Is Small Better than Big?

Target

For the past decade or so, retailers have been focused on building mega-stores and expanding store footprints into tens of thousands (even hundreds of thousands) of square feet! Think of big box retailers such as Walmart, Target, Home Depot, Lowe’s, Best Buy, and more.

These big box stores are physically large, imposing retail stores. Such structures typically are free-standing units that sit in the midst of a sea of asphalt and can be reached only by driving, making them a poor choice for crowded, urban locations. While the mega-store may carry everything a consumer could ever need, the stores are frequently criticized as being unsustainable and can cause a decline of smaller, local, neighborhood retailers.

Target Corp. has many of these large freestanding structures, but is now making a change to add smaller stores to its chain. The new size store – called Target Express – is 20,000 square feet and is the smallest store the chain has ever opened. The first Target Express is located near the University of Minnesota campus, in the ground floor of an apartment building in the Dinkytown section of Minneapolis. The store will have only about one-fifth of the merchandise carried at a regular Target store, and will carry a product mix of groceries, produce, meat, deli, bakery, pharmacy, school supplies, home décor, and electronics. Additional stores are planned in San Francisco and other locations. Sometimes, smaller is better.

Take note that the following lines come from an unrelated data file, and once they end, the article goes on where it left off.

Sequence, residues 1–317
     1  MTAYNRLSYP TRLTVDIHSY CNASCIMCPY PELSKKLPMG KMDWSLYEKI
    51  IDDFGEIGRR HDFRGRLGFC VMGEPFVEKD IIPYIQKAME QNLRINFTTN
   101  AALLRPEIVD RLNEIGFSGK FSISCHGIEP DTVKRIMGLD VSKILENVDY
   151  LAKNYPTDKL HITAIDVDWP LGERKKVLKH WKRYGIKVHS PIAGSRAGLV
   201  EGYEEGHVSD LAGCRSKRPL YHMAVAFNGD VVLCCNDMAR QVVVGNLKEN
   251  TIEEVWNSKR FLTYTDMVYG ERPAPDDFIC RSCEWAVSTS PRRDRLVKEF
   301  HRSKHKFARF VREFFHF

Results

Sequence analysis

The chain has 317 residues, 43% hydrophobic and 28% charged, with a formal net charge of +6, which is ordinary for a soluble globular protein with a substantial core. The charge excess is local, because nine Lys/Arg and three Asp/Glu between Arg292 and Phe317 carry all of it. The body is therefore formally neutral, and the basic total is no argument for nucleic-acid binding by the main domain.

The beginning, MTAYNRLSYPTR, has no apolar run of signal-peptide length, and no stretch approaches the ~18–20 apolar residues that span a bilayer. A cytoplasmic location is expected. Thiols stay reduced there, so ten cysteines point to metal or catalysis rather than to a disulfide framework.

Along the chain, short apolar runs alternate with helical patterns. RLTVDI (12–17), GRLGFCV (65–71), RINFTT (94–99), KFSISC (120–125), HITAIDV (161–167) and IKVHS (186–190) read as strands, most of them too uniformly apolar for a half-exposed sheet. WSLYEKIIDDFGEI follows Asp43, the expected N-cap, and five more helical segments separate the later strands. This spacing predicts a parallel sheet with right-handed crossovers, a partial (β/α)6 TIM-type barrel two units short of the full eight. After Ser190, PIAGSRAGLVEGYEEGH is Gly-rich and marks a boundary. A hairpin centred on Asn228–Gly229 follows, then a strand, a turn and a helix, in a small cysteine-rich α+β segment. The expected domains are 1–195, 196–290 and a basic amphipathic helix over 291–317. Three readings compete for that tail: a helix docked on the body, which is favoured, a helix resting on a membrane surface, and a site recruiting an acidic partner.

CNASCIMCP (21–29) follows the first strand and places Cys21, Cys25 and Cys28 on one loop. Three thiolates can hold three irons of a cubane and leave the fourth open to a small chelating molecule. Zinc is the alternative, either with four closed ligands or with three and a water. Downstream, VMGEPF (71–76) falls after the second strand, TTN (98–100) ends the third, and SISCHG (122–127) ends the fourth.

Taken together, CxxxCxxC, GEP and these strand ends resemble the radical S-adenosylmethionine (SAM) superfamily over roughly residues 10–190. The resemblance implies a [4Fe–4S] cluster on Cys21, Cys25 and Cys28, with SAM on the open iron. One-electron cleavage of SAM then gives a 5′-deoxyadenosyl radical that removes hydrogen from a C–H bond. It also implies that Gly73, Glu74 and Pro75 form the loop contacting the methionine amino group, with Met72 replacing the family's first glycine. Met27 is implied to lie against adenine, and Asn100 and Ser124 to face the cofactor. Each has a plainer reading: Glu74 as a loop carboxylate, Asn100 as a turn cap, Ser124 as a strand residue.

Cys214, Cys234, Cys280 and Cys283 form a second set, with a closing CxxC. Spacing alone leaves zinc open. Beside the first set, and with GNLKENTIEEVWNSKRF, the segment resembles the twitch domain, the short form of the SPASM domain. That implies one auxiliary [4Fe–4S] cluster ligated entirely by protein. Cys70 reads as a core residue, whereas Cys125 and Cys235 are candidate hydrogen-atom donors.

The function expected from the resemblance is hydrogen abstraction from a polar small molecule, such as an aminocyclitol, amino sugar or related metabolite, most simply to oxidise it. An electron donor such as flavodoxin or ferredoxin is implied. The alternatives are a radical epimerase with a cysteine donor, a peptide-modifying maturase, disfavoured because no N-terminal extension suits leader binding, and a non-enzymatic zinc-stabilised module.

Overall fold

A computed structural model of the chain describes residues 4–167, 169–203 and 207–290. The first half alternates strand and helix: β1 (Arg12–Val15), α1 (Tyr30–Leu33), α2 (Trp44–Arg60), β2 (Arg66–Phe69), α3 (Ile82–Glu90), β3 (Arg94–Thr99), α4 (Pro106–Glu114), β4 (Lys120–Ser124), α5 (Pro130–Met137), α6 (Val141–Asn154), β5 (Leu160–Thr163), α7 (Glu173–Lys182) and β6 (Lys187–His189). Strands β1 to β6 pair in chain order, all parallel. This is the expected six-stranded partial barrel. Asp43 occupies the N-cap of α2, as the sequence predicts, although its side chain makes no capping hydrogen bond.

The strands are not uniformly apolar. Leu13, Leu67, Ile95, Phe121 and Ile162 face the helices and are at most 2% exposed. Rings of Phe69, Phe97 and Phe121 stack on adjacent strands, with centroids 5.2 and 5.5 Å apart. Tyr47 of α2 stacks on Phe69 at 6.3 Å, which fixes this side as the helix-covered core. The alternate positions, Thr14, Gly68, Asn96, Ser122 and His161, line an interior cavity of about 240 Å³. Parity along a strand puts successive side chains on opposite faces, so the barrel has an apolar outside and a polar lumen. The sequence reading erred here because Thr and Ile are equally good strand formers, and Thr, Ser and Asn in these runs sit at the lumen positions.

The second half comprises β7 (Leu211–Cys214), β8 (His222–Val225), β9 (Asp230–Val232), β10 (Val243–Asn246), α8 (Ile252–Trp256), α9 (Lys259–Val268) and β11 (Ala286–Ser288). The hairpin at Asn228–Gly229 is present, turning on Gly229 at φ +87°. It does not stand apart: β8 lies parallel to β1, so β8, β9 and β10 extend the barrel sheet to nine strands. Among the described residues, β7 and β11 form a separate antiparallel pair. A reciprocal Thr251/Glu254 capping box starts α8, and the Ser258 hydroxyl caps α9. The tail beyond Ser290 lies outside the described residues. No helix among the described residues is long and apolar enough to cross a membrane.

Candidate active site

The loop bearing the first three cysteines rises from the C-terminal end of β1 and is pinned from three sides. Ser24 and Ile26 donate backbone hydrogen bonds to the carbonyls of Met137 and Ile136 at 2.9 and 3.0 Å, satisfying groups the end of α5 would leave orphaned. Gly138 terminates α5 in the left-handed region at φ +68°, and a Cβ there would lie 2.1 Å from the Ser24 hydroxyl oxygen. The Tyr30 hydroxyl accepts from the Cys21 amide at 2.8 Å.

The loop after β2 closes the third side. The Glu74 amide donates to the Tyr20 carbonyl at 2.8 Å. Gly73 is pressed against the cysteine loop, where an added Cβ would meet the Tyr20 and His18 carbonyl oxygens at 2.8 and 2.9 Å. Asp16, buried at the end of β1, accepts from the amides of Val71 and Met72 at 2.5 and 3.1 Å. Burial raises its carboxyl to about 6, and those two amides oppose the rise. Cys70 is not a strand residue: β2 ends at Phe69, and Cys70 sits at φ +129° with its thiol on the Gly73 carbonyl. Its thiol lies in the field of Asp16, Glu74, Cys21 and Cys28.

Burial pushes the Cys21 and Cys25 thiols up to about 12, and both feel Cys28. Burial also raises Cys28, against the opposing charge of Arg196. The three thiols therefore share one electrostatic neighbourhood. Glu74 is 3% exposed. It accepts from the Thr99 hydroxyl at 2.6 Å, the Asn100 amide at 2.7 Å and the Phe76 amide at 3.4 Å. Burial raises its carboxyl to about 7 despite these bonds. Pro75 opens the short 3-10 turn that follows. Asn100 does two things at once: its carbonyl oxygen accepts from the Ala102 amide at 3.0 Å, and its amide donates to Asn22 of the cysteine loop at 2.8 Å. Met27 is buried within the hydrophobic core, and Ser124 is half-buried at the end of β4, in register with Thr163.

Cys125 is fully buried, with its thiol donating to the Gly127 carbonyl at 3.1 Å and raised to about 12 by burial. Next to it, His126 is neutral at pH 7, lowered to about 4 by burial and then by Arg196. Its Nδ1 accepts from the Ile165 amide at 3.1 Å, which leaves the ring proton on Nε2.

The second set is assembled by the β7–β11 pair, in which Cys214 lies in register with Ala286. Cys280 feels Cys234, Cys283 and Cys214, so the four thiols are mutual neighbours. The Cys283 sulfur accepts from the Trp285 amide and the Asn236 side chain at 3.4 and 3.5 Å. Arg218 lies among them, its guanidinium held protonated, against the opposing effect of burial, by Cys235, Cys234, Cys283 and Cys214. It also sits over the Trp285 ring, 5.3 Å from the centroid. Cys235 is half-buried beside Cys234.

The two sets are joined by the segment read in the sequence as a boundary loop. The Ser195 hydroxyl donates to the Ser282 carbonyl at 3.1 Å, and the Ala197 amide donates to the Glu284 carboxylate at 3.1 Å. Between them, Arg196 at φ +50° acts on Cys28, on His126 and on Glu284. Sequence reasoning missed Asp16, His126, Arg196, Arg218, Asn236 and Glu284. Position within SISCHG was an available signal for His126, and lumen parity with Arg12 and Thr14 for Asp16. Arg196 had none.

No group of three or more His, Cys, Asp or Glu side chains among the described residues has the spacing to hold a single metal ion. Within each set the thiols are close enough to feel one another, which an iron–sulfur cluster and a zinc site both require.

Group Activities and Discussion Questions:

  1. Review the concept of big box stores and mega-stores. Why have companies used this strategy? What are the advantages and disadvantages?
  2. Discuss the sustainability of a big box strategy. What is happening in the marketplace to push back against the large format stores?
  3. Ask students where they shop, and how they choose the locations/stores.
  1. Take a tour of the Target Express store at http://www.abullseyeview.com/2014/07/video-targetexpress-store-tour/
  2. Discuss the strategy that Target is using with its Target Express stores. Will other stores follow this format?
  3. Where might additional Target Express stores be located? Why?
  4. Divide students into teams. Have each team choose an example of a big box retailer and scale it down to fit into a smaller footprint. How can this size be marketed?

Source:   Minneapolis Star Tribune, Supermarket News, other news sources

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